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Addressing Gang Violence

Pete Springer/OPB

Rob Ingram is a successful, well-respected professional who works for the city of Portland. But a couple of decades ago, that career would have seemed completely unattainable. He says until his mid-20’s he might as well have been a member of a gang. His brother and friends were, and he did many of the same things they did. He’s been stabbed, shot, and arrested. He buried eight close friends and family members. His life-changing epiphany came after his brother was sentenced to 60 years in prison.

He ultimately decided there must have been a reason that he was still alive and free, and that he had a responsibility to give back. And that’s what he’s been doing since the early 1990s. He now heads the Office of Youth Violence Prevention at the City of Portland. And he informally mentors kids who call him “Uncle Rob.”

About every other week he convenes a meeting with all the various agencies and organizations the city works with to address gang violence. There are community organizations like Brother’s & Sister’s Keepers, the Gang Enforcement Team and a youth gang police task force that’s just been reinstated.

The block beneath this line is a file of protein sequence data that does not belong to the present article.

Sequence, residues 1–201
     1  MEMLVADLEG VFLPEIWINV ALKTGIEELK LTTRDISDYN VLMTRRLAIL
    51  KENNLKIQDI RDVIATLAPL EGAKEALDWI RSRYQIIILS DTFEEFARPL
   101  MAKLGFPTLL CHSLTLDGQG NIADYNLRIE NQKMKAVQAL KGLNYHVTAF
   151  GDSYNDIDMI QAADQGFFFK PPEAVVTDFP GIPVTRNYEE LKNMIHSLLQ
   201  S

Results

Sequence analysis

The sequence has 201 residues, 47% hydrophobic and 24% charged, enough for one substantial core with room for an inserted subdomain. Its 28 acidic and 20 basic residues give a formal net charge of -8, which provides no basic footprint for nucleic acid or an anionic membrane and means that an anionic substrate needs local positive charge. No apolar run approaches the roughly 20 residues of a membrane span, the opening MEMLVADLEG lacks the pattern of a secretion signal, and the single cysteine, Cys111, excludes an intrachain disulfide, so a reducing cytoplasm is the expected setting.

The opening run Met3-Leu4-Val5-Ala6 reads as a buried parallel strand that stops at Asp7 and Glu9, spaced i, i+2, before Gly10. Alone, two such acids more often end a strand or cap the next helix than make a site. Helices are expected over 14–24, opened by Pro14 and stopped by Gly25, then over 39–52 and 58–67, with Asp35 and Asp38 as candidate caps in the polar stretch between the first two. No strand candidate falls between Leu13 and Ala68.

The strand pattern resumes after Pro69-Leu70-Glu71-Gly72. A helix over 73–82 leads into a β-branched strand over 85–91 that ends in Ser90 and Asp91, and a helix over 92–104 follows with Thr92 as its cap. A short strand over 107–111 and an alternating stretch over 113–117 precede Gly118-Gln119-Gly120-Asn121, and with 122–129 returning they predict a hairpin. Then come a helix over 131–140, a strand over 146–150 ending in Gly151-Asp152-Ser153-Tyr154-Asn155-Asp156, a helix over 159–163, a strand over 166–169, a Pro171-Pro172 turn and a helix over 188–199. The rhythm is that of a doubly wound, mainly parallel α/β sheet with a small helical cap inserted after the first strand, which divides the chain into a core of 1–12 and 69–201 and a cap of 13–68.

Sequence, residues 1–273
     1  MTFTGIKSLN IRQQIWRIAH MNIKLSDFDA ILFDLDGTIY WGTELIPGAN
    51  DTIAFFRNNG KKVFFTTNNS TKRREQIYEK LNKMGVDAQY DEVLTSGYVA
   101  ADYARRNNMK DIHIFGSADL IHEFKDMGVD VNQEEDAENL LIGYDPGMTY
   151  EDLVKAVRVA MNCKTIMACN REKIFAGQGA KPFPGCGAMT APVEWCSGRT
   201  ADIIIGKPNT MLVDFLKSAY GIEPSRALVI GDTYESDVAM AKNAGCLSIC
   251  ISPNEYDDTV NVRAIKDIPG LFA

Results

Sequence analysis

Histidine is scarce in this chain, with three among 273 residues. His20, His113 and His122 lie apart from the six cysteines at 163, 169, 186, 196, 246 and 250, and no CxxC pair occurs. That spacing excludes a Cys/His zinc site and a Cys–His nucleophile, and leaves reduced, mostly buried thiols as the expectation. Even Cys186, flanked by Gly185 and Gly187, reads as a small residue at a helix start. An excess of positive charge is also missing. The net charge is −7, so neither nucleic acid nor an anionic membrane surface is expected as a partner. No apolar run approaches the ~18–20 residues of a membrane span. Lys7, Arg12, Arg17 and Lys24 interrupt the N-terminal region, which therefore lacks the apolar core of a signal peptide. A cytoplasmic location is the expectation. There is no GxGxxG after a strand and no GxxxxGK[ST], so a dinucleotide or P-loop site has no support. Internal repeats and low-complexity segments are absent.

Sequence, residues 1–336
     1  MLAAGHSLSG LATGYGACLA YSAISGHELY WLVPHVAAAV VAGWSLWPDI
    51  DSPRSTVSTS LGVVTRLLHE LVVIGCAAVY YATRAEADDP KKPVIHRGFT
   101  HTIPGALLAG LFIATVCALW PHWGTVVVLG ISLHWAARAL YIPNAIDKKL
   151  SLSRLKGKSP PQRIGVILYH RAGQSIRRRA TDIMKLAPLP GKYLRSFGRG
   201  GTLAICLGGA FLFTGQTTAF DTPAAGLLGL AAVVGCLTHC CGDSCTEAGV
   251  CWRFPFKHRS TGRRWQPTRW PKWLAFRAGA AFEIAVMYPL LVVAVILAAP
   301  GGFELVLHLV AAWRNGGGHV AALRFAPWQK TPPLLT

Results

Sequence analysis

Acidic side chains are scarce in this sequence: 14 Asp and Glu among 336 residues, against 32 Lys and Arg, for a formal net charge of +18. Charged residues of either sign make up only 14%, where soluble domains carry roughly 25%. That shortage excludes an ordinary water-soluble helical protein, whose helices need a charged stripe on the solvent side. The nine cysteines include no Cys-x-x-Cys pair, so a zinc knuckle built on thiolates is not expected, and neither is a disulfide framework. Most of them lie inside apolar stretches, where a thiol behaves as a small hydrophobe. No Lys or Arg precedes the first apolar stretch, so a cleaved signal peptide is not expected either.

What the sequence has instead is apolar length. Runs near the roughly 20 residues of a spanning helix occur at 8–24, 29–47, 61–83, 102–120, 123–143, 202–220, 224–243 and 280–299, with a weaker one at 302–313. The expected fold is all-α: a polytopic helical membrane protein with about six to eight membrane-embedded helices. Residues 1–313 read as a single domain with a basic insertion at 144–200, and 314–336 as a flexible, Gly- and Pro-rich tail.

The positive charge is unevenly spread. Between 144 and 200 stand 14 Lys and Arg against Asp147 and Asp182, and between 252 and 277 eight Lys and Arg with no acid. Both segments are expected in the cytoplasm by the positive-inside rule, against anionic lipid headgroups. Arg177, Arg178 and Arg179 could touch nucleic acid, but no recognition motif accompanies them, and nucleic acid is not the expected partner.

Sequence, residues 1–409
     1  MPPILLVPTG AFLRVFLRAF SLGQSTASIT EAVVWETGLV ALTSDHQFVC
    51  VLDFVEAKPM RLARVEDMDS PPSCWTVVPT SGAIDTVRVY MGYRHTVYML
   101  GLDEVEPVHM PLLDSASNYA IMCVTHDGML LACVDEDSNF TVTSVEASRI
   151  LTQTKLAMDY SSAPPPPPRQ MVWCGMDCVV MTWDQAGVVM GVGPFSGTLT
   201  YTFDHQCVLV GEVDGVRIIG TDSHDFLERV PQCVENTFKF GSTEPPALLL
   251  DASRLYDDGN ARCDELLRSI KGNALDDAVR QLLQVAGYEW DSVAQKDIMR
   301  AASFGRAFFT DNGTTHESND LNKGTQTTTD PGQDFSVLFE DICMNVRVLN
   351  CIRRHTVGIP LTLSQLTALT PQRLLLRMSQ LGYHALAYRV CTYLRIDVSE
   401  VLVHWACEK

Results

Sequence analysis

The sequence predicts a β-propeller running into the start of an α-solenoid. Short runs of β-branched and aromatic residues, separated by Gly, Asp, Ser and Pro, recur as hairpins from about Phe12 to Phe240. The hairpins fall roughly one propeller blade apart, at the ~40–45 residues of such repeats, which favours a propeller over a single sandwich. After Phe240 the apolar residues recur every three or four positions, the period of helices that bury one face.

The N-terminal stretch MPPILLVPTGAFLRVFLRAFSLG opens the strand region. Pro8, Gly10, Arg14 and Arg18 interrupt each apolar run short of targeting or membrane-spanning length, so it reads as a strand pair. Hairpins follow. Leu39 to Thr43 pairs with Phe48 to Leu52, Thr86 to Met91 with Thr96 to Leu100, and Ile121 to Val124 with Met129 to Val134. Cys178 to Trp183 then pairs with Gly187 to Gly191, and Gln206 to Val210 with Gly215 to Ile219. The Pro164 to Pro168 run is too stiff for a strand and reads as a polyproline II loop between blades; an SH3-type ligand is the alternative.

We wanted to know how all those efforts are working. And about another development since the last time we talked about gangs and efforts to reduce gun violence: Multnomah County’s Department of Community Justice has a plan to use GPS monitoring on some youths who have been involved in gangs. How do all of these strategies fit into the larger picture of addressing gang violence?

Have you been affected by gang violence? How? Have you ever thought about joining a gang? Why? Are you working to prevent gang violence? What would help you do your job?


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